Making Crystals – It’s Real Chemistry

 

 

The United Nations declared 2011 the International Year of CHEMISTRY, and in honor of that, here is a cool chemistry experiment that will amaze your friends—cool crystals that grow overnight!  This experiment involves boiling water, so you will need an adult assistant (adult assistants are great whenever there is dirty work to do).

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Here’s what you’ll need:

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  • borax (available as a powder in the laundry aisle of most large grocery stores—borax is also used in things like detergents, cosmetics and “science slime.”)
  • pipe cleaners
  • string
  • glass jar
  • pencil
  • tape
  • adult assistant that can boil some water (and some boiling water)
  • food coloring (optional)

Try it!

First you’ll need to create a crystal-growing borax solution.  This is your adult assistant’s job.  A “solution” is made when you dissolve something into a liquid.  For instance, if you stirred salt or lemonade powder into water, you would be making a salt solution or a lemonade solution.  In this case, you’ll be making a solution out of borax, a powder used in detergents and cosmetics.  Borax is like soap.  It is good at cleaning things, but you should not eat it or get it in your eyes.

Tell your adult assistant to boil some water.  Warn your assistant that it is important to be careful to avoid burns.  Once the water is boiling, tell your adult assistant to remove it from the heat source and carefully start to stir in borax powder.  You’ll want to start with about three Tablespoons of borax powder for every cup of water.  You need to “supersaturate” the solution.  That means that you want to keep adding borax and stirring until the water can’t dissolve any more.  Hot water can dissolve more borax powder than cold water because the molecules in hot water are moving faster and are farther apart, so they can more easily surround individual borax molecules.  When the water cools down, it can’t hold as many borax molecules, and they start to come out of solution–in other words, they will stick to your pipe-cleaner to form sparkly crystals!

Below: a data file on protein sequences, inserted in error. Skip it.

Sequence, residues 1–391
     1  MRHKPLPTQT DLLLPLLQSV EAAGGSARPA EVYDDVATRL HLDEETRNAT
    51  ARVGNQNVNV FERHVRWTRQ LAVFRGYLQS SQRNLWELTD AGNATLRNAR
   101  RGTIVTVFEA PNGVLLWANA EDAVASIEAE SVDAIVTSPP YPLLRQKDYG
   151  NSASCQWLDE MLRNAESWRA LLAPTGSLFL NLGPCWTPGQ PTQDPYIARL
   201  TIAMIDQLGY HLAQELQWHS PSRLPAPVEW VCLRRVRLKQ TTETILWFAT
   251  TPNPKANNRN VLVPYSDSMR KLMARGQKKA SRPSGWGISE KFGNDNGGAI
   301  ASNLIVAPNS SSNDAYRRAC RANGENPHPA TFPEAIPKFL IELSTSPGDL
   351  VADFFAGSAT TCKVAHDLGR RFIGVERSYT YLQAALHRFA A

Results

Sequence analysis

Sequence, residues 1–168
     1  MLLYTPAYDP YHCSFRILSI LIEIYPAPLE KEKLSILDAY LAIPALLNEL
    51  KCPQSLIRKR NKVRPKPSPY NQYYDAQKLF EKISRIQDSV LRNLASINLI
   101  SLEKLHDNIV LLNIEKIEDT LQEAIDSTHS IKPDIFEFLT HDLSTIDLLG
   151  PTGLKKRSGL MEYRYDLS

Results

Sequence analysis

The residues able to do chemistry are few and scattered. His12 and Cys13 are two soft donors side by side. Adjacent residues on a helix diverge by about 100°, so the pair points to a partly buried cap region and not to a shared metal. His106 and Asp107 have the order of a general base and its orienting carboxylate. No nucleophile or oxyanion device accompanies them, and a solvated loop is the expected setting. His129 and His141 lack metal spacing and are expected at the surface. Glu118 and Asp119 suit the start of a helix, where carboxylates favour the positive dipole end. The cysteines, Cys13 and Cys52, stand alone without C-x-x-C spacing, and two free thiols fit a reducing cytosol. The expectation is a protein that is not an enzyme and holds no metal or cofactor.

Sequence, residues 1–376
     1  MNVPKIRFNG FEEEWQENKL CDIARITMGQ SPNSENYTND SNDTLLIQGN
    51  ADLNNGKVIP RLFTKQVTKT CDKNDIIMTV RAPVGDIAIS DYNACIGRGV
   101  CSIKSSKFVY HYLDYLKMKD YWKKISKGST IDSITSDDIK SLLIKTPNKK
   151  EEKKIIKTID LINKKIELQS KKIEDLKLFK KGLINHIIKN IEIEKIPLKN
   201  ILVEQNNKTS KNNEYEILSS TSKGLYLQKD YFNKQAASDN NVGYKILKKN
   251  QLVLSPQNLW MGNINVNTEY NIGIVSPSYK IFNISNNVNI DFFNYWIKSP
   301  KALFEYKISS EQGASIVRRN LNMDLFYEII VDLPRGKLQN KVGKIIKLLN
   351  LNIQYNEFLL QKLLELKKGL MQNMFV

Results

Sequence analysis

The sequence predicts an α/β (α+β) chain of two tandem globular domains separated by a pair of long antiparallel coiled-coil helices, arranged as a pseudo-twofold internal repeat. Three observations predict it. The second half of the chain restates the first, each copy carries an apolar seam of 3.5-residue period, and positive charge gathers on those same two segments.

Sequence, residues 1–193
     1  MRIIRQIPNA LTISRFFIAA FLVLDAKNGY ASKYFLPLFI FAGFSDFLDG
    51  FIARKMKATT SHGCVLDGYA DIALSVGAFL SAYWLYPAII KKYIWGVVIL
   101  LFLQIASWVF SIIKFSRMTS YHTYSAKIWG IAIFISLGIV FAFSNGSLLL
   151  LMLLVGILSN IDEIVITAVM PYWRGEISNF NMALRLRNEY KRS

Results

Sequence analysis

Once your solution is “super saturated” (You can’t dissolve any more borax, and there is a little bit left in the bottom) let it cool down a little until it is safe to handle.  If you want, you can add a few drops of food coloring.  While it cools, bend your pipe-cleaner into the shape you want.  The shape will need to fit easily into your glass jar with a little room to spare.

Tie a string to your pipe-cleaner, and tie the other end of the string to the pipe cleaner, like this:

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When the solution is cool enough to be safe, have your assistant carefully pour it into a large glass jar.  Lower your pipecleaner into the jar of liquid.  The Pipe cleaner should be totally submerged in the liquid, but no closer than an inch from the bottom of the jar (otherwise, when crystals form, the pipe cleaner might get stuck to the bottom of the jar.)  Put the jar someplace where it can sit, undisturbed for a day or two. You’ll be able to watch crystals form!

Here is a picture of the pipe cleaner hanging from a pencil in the crystal growing solution.  We added yellow food coloring to this solution.

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After about 24 hours, you can lift your crystal shape out of the growing solution.  Let the crystal hang in an empty jar or place it on a paper towel for a little while to dry.  Wow!  Check out your amazing crystals!  It is OK to touch your crystal shapes, but be sure to wash your hands afterward before touching your eyes, nose, mouth, pets, or babies.  Hang your crystal shape in the window and watch it sparkle!  Isn’t Chemistry amazing?!

You can make any crystal shape you can think of.  Here are some ideas:

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Crystals that spell I ♥ C (for I love chemistry, of course!)

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Did you try this experiment?  Send pictures of yourself and your cool crystals—we might even post them on the website!  Mail pictures to [email protected]

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